BELLEVILLE, Ont. May 26, 2016/ Troy Media/ – “The law is still the law,” said New Brunswick Public Safety Minister Stephen Horsman recently. He was commenting on whether police would continue to enforce the province’s prohibition on individuals bringing more than a nominal amount of beer, wine or liquor into New Brunswick from neighbouring provinces.
His somewhat cryptic statement follows the recent decision of provincial court Judge Ronald LeBlanc, who acquitted Gerard Comeau of an offence under section 134(b) of New Brunswick’s Liquor Control Act and pronounced the section unconstitutional.
Meanwhile, an RCMP spokesman told the CBC that “the force is studying the decision ‘in conjunction with’ Crown prosecutors” before announcing if they will continue to enforce the law.
Commentators have reacted with surprise and disapproval at this possible plan to ignore the decision of the court, and thereby ignore the rule of law.
What everyone seems to overlook is the fact that, except for Comeau and 16 others who were charged within a two-day period in October 2012, section 134(b) is not enforced. Although it has been on the books for more than four decades, it routinely goes unenforced, and New Brunswickers violate it daily without any consequences.
In August 2015, I had the privilege of assisting defence lawyers Arnold Schwisberg and Mikael Bernard at Comeau’s four-day trial in Campbellton, N.B. I took detailed notes of the evidence and have a copy of the official trial transcript.
The evidence of RCMP Const. Guy Savoie was that the operation under which Comeau and the 16 others were charged was a one-time project initiated by his team leader within the Campbellton detachment. Every team had been asked to “initiate a project for crime reduction purposes,” Savoie testified. His team, curiously, chose the liquor sting project.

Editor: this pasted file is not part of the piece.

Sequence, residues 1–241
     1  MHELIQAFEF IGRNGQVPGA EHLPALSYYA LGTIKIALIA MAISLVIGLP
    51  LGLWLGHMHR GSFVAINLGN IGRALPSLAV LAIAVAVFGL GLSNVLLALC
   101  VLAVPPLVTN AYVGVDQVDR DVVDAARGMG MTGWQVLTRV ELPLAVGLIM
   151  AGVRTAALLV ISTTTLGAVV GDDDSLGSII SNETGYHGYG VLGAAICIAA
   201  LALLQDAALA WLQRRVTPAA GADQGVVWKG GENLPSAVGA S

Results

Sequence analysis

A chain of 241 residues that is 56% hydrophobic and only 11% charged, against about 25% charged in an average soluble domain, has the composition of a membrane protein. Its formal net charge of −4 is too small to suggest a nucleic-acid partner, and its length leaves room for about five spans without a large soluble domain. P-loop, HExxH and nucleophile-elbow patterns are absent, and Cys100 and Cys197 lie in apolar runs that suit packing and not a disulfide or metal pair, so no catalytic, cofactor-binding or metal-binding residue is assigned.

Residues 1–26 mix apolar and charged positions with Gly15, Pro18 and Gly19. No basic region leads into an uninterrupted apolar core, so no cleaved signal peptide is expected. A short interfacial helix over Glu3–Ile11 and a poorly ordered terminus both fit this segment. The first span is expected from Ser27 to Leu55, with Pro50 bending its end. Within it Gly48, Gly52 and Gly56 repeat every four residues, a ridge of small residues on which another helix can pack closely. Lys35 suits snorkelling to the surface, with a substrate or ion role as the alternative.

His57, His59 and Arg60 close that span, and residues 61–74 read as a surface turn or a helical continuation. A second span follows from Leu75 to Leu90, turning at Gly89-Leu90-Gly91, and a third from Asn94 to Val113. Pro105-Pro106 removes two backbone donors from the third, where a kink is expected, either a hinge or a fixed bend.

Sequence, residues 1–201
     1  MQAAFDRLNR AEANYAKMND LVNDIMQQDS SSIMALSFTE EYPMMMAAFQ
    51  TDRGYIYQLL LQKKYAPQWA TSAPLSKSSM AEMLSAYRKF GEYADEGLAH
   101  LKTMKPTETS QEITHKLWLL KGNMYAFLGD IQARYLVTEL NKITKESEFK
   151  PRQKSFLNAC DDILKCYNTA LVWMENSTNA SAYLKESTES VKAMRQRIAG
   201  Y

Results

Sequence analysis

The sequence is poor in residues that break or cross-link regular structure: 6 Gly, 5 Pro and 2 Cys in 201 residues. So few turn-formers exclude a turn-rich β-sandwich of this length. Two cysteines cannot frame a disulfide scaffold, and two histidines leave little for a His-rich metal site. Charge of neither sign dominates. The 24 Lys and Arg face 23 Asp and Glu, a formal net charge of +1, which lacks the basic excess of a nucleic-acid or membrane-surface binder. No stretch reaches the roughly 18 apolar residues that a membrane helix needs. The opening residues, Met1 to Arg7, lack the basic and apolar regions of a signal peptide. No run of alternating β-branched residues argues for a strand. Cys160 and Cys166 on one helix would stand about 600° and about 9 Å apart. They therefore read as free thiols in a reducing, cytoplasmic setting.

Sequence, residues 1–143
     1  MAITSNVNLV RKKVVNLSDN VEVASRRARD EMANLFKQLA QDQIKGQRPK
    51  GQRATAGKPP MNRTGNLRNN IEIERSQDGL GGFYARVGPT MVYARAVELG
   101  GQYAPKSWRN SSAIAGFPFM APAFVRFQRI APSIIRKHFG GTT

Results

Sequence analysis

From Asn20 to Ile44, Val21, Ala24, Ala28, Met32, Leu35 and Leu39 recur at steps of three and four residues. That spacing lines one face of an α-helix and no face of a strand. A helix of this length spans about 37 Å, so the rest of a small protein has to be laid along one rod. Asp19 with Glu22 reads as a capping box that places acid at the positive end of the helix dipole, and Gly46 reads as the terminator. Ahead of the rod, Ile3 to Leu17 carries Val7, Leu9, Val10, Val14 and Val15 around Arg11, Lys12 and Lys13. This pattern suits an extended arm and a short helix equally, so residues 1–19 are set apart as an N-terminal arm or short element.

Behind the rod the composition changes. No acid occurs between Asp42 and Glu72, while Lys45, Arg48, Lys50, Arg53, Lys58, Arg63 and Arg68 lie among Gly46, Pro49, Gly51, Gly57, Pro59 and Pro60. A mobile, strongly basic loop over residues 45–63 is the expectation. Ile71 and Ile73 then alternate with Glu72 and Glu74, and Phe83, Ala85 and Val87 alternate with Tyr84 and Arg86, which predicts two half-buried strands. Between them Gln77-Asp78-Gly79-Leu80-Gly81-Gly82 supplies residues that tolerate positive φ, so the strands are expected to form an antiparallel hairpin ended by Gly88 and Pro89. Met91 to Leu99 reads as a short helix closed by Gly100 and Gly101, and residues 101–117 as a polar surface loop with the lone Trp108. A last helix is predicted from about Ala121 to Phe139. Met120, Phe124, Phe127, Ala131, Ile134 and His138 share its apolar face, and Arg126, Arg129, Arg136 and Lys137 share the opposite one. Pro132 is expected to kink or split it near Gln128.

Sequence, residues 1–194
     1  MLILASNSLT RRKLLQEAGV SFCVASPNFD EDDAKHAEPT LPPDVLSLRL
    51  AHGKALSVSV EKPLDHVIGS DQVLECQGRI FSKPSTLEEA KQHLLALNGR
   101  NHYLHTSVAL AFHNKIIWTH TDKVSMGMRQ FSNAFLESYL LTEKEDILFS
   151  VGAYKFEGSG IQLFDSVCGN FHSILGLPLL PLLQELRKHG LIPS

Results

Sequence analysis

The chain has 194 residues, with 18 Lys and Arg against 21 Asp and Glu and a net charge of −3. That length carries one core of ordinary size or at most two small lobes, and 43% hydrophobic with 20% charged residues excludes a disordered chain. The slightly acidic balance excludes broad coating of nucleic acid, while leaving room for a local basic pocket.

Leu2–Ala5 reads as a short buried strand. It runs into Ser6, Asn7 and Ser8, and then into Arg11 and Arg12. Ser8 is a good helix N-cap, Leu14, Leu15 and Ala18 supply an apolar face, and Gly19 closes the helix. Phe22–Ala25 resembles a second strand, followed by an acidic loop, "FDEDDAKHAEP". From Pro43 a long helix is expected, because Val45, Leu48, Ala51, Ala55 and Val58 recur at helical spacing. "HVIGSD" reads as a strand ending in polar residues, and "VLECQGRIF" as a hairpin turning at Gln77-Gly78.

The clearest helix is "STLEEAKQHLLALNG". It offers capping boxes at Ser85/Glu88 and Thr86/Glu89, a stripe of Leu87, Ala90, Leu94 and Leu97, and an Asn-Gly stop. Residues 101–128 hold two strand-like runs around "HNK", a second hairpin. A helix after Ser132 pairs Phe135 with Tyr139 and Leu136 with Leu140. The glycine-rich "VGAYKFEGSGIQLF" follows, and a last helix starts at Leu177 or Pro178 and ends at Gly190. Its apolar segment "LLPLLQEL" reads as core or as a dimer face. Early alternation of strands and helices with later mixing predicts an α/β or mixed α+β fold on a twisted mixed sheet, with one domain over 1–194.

But the project lasted only two days, “and since then we were instructed not to conduct it again,” he testified. In short, the project was “a singular operation that took place over a two-day period . . . and not before or since [was he] aware of any similar operation initiated by the RCMP.”
Campbellton is on the northern border of the province, with a bridge across the Restigouche River linking it directly to Pointe-a-la-Croix, Que., and the First Nation community Listuguj. It takes about two minutes to drive across the bridge, where among the first buildings you see are the SAQ (Societe des alcools du Quebec) on the Quebec side and Wysote’s Convenience Store on the reserve. The former sells liquor and wine; the latter sells win and beer.
It’s no wonder that the RCMP decided to cancel the sting operation after only two days. Residents of Campbellton were outraged when they learned of it. For one thing, they feared alienating their Quebec neighbours who frequently cross the bridge to do business in Campbellton. For another, they thought the RCMP might make better use of its “crime reduction” resources than enforcing the provincial government’s high-priced alcohol monopoly. But perhaps most importantly, a huge percentage of them have done exactly what Comeau did. (I’ll bet even the Campbellton cops buy their alcohol on the Quebec side.)
Another witness at the trial, private investigator John Buckingham, was retained by the defence to determine just how often New Brunswickers crossed the bridge with Quebec-purchased alcohol. He testified that he had observed the parking lots of the alcohol outlets on the Quebec side of the bridge on six occasions during August 2015. He also spoke to employees of the stores. His conclusion was that two-thirds or more of the customers were from New Brunswick and that 90 per cent of the convenience store’s floor space was devoted to beer sales.
So the furor over whether to ‘continue’ enforcing section 134(b) is a farce. It never has been enforced except on one occasion, and then it was ruled unconstitutional. New Brunswick officials should bow to that reality.
And if those same government leaders really want to keep liquor sales within the province, they’ll have to lower the ridiculous taxes they impose on it.
Karen Selick is a lawyer and commentator.
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